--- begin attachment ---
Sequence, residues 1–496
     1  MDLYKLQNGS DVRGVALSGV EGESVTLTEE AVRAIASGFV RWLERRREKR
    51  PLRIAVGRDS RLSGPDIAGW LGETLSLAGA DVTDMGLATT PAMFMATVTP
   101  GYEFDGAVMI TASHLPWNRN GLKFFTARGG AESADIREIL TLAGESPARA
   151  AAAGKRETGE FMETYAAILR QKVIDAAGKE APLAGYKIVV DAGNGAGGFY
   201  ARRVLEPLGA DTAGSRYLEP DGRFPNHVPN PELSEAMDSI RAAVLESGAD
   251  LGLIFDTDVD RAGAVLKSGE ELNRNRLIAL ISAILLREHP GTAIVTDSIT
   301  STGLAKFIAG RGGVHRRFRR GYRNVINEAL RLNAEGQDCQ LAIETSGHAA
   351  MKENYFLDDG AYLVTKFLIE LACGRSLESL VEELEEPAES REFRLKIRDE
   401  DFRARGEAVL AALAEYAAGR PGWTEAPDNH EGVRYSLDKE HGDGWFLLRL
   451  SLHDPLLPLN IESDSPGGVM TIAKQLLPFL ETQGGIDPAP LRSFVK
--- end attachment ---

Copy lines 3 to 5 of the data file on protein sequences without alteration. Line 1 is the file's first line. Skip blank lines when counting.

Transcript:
    51  PLRIAVGRDS RLSGPDIAGW LGETLSLAGA DVTDMGLATT PAMFMATVTP
   101  GYEFDGAVMI TASHLPWNRN GLKFFTARGG AESADIREIL TLAGESPARA
   151  AAAGKRETGE FMETYAAILR QKVIDAAGKE APLAGYKIVV DAGNGAGGFY